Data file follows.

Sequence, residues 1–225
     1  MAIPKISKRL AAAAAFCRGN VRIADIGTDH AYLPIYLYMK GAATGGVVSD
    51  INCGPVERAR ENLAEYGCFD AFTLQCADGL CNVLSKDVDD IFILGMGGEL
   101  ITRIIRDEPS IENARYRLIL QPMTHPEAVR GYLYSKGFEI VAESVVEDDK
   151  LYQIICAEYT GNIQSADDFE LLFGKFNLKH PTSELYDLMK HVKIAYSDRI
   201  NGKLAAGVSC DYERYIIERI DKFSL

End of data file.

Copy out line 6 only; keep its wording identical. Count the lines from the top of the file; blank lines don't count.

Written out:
   201  NGKLAAGVSC DYERYIIERI DKFSL